* - "I was young and dumb and thought I really NEEDED to go to GWU to get anywhere"
— Gorijenna of the Hax commentors


  1. I agree totally with your thesis although I did not think about it when back then 2 of 4 got BAs from Ivy League colleges.

    Who the Hell is Lisa Kogan and why should we care?

  2. Anonymous, thanks for your comment. Lisa Kogan is a regular contributor to "O!" magazine, a respectable publication. You don't have to care; it was simply her snarky tone combined with her How're You Gonna Pay For College? speech that inspired the post...

  3. posting for Anita:
    I enjoyed your article about applying to the "right colleges". You're right on. Unfortunately some state schools are just as costly for out-of-staters as some private schools, but your thesis is correct.

  4. I went to a state school for college and still came out with debt. I second what Anita said about out-of-state state schools being extremely expensive. That is more affordable than a private school, but still a hefty chunk of change. But I agree that state schools should not be looked down on. I debated between a private and public university, and am happy with my decision. From talking to peers who went to that private school, I believe that I got a comparable education for a fraction of the price.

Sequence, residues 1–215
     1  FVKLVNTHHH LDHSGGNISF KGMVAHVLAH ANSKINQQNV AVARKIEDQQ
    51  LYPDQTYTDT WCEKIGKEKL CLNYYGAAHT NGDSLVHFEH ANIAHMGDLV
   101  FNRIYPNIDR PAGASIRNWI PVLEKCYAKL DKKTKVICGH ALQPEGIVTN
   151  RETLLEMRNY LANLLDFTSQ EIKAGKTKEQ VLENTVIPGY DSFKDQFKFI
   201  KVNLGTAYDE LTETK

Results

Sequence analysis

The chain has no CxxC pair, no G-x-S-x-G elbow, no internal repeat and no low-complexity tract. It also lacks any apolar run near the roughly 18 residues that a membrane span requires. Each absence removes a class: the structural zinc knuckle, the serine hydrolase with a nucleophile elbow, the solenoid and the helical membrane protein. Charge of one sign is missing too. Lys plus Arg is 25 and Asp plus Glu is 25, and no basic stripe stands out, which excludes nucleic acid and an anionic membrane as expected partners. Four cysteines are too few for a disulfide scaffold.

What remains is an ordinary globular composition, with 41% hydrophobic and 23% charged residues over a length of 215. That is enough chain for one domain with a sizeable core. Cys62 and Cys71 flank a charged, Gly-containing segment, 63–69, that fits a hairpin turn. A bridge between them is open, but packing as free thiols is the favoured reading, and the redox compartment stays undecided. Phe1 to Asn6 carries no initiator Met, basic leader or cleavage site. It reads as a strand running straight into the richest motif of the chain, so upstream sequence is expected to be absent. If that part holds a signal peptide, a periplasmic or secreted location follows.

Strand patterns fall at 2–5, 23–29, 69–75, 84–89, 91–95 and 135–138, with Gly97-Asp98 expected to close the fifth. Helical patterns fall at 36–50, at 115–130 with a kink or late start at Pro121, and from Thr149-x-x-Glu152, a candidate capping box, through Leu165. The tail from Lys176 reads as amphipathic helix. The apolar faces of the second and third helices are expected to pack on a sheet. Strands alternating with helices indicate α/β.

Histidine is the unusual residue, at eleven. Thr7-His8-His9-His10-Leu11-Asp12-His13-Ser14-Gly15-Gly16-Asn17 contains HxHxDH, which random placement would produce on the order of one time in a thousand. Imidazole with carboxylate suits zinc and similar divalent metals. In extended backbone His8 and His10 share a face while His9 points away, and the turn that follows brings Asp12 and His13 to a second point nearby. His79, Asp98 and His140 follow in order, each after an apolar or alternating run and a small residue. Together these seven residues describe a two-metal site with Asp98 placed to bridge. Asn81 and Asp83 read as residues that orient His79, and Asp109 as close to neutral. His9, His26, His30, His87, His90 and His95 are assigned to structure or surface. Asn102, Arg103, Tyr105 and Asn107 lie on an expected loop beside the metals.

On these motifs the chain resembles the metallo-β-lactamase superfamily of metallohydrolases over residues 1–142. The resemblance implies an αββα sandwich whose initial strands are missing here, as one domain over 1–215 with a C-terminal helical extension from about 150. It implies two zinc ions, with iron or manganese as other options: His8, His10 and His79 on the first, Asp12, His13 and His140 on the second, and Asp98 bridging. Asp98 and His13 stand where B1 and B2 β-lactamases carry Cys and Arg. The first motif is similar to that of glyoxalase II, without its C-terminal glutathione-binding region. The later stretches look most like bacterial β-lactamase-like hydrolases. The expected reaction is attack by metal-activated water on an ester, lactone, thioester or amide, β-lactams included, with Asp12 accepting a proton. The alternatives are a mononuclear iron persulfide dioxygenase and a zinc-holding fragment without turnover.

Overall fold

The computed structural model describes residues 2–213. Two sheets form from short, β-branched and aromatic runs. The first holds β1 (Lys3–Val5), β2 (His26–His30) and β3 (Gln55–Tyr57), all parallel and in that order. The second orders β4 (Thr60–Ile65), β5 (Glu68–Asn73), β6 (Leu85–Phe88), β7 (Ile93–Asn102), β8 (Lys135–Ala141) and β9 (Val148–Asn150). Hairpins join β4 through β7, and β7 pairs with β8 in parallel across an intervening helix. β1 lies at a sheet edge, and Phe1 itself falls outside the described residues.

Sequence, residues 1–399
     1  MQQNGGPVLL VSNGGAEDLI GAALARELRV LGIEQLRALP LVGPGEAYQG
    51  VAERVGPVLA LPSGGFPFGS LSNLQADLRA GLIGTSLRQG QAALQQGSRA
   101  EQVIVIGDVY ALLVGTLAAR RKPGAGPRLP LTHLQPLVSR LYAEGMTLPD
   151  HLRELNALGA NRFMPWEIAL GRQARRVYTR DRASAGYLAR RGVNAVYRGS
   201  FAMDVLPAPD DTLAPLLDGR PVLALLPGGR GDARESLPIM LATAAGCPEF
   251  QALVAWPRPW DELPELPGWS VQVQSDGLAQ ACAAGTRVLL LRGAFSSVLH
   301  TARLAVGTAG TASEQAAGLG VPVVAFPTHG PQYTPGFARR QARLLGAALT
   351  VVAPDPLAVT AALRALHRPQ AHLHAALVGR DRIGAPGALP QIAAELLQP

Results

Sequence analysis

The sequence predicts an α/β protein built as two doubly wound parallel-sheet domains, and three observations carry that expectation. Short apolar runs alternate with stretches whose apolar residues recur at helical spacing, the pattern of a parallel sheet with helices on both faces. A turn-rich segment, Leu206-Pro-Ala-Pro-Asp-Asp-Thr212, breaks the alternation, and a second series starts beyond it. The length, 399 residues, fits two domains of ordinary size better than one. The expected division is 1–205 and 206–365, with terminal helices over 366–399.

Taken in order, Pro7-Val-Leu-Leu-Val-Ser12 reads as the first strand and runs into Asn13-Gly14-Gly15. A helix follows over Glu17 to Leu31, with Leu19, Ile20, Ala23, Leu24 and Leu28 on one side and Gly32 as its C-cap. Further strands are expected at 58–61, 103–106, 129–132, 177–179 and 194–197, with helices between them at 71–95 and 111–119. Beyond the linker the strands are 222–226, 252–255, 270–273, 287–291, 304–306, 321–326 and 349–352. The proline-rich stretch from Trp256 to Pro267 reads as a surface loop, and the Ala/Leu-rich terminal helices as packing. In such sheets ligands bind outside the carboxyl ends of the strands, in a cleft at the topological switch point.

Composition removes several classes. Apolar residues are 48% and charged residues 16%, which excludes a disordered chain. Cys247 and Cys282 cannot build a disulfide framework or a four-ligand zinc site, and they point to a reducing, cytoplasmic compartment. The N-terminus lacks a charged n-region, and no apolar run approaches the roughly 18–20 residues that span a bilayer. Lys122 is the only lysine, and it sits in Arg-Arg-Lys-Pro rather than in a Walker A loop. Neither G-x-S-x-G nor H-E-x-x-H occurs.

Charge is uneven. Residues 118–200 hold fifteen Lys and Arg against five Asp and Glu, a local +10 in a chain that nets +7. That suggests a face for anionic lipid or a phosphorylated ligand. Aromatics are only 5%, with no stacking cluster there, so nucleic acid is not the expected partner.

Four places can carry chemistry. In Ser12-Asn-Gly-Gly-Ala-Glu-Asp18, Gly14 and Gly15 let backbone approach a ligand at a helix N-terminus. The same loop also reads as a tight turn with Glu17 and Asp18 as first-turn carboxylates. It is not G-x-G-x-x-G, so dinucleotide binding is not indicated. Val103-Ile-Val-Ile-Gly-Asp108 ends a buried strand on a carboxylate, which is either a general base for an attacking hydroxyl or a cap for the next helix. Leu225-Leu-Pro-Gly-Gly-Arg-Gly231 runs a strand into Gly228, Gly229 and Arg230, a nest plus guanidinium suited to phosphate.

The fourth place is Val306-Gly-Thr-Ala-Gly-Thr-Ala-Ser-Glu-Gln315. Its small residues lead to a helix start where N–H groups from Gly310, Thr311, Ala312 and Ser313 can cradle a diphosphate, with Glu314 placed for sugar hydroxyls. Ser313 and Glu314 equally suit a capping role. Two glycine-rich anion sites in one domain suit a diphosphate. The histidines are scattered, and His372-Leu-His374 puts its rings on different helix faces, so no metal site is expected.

5. You make some excellenct points about college choice. And apparently, you get your O magazine a few days before I do!!


    p.s. I assume this article is in the newest issue - the link does not work - which I received just last night.

  6. I'll try to get that link to work. Meanwhile don't waste your time looking for it in this issue; it's about two years old.

  7. Yam,
    Thanks for fixing the link. Semi-interesting article. But I think you missed the point of it - I don't see is as about her expectation that her kid is fabulous and will attend an Ivy League university. Regarding colleges, Kogan was simply expressing fear about future costs of higher education, wherever one chooses/is able to purchase it. Rather, I see it as being about different ways of living life, choices that one makes, Villages vs. Individuals when raising children. She was a bit snarky and sarcastic but probably more for entertainment value than sincere derision.

  8. p.s. Love the new name, and the graffic!